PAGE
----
Skip to main content

Supporting youth mental health

By Sarah Odendahl

Sad girl sitting on floor, leaning on couch with hands over heart
In spring of 2008, I was a junior in high school struggling with the fallout from a recent breakup.  One day I walked into the band rehearsal room - a class I shared with my ex-boyfriend and about 50 other teens - feeling particularly upset. When I saw my ex walk in, suddenly it felt like all the oxygen left my body. I couldn’t catch my breath, the warm-up noises were overwhelming, and I didn’t know what to do. A good friend pulled me from the room and sat on the floor of the hallway with me until I could get a deep breath again.

Looking back on it now, that breakup doesn’t elicit much emotional response, but to teenage Sarah it cut incredibly deep. I was coping the best I could, and learning social-emotional skills along the way, but I didn’t have the language to address what I later learned was the first of several panic attacks I would suffer that spring.

In 2010, a study in the Journal of the American Academy of Child & Adolescent Psychiatry found that one in five youth in the U.S. will experience a mental health disorder. The CDC reported that four out of five youth mental health and suicide variables worsened from 2009 to 2019. Although we are only beginning to gather data, an early review of mental health data during the pandemic found “children and adolescents were found to experience more depressive and anxious symptoms than reported prepandemic rates.”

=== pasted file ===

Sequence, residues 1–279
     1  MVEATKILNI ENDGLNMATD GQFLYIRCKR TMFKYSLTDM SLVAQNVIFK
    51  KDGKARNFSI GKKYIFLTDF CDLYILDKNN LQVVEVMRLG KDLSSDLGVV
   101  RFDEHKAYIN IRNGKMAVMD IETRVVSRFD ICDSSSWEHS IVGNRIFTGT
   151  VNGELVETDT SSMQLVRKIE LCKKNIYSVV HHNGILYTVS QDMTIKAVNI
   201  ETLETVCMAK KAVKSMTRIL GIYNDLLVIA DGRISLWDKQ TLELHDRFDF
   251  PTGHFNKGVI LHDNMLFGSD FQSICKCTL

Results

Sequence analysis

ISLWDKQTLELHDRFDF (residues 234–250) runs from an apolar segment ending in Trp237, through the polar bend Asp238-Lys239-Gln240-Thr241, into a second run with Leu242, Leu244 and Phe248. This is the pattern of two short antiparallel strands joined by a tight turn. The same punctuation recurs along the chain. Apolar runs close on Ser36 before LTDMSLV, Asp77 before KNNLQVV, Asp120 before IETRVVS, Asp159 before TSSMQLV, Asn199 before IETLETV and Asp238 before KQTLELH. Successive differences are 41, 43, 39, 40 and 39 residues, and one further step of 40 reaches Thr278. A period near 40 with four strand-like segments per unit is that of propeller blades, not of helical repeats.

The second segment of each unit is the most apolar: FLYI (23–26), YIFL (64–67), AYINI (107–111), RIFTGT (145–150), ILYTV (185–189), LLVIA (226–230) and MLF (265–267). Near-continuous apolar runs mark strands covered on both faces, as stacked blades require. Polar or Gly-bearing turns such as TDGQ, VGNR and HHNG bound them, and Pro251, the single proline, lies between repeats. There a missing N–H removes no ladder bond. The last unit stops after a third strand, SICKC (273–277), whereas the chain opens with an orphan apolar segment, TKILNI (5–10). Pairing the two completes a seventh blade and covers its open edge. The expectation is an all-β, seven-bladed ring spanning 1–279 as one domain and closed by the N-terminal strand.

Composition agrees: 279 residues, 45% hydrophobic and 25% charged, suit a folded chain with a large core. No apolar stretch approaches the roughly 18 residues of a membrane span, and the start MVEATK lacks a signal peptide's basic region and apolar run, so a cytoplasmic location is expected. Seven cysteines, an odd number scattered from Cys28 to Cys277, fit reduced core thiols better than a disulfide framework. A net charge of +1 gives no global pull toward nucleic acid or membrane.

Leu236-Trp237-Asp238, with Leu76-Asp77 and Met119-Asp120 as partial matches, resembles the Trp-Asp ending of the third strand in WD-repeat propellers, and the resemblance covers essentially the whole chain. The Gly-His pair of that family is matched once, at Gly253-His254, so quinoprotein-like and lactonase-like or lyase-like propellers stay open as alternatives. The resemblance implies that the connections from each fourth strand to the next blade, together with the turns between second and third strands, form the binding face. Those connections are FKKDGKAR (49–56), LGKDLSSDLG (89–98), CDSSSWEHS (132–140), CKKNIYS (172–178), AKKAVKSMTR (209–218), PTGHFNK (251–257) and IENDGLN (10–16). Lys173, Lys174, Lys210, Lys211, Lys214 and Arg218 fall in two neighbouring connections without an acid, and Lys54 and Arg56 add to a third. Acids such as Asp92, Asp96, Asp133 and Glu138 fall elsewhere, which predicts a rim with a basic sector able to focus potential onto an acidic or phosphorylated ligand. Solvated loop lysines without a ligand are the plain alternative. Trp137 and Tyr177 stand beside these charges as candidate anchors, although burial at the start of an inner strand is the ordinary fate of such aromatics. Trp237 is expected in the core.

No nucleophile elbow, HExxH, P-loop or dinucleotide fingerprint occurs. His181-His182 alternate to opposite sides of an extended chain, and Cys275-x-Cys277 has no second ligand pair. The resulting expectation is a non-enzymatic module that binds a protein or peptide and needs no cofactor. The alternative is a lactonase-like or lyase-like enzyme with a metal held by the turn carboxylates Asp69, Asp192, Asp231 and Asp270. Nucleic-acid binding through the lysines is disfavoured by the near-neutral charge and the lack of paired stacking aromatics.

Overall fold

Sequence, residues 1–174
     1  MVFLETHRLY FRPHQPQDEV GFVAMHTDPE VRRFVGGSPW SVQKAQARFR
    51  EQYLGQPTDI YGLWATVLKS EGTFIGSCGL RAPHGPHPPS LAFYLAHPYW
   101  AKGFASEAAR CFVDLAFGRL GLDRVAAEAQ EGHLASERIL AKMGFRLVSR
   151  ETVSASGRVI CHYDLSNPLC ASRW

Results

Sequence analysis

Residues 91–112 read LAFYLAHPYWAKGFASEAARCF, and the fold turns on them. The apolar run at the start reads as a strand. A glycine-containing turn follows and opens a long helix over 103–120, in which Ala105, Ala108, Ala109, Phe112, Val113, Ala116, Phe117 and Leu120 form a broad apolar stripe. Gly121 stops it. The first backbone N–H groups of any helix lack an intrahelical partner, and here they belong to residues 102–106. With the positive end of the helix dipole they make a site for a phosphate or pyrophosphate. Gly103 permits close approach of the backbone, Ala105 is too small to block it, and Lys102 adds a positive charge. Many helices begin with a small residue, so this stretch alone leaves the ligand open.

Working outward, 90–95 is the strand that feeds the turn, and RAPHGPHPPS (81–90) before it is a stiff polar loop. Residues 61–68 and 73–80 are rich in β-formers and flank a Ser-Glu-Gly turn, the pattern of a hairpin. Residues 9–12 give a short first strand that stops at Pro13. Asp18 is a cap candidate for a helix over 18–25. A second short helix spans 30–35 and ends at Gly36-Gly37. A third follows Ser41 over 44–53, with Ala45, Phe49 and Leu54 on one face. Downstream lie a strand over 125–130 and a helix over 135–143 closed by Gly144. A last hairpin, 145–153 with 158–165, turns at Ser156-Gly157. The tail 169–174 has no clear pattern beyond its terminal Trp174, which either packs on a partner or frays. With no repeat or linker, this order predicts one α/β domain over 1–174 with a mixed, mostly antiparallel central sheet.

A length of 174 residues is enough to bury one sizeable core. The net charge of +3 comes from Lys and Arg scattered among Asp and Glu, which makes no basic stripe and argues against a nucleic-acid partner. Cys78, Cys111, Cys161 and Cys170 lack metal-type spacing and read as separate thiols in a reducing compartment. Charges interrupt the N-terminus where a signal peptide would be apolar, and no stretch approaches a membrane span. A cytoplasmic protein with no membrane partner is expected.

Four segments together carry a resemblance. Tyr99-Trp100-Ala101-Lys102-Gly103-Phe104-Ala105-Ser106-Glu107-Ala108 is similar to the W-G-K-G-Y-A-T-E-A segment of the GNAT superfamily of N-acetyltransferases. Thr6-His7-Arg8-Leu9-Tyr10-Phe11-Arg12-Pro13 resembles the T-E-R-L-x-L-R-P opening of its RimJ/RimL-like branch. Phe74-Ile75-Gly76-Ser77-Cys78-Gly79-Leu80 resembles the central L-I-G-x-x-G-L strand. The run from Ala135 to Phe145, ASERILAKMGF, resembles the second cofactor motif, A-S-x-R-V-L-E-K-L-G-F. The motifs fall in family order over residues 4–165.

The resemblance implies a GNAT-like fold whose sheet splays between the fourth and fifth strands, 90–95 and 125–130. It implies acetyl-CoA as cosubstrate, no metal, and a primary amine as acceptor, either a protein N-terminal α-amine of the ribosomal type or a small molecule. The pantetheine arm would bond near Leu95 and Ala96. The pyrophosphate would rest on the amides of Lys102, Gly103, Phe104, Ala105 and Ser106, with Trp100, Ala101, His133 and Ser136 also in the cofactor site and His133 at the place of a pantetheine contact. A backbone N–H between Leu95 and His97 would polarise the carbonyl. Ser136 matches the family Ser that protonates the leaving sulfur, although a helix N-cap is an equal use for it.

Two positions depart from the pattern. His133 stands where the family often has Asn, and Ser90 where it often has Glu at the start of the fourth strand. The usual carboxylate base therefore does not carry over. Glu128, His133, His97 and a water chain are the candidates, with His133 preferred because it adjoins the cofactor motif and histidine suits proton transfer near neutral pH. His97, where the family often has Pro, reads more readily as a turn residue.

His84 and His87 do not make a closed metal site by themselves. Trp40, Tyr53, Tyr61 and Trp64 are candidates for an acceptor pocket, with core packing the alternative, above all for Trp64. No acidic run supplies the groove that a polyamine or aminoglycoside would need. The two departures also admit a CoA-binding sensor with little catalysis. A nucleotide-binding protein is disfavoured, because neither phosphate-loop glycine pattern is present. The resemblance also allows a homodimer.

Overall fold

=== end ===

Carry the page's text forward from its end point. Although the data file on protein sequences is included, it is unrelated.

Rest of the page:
Youth need mental health support, but most of us are not doctors or psychologists. What can we do to support youth mental health?
Mental health disorders are complex medical concerns, but we can all do our part to help support youth to find their best level of mental wellbeing. What other ways are you supporting youth mental health?

-- Sarah Odendahl, Extension educator

You are welcome to comment on this blog post. We encourage civil discourse, including spirited disagreement. We will delete comments that contain profanity, pornography or hate speech--any remarks that attack or demean people because of their sex, race, ethnic group, etc.--as well as spam.

Print Friendly and PDF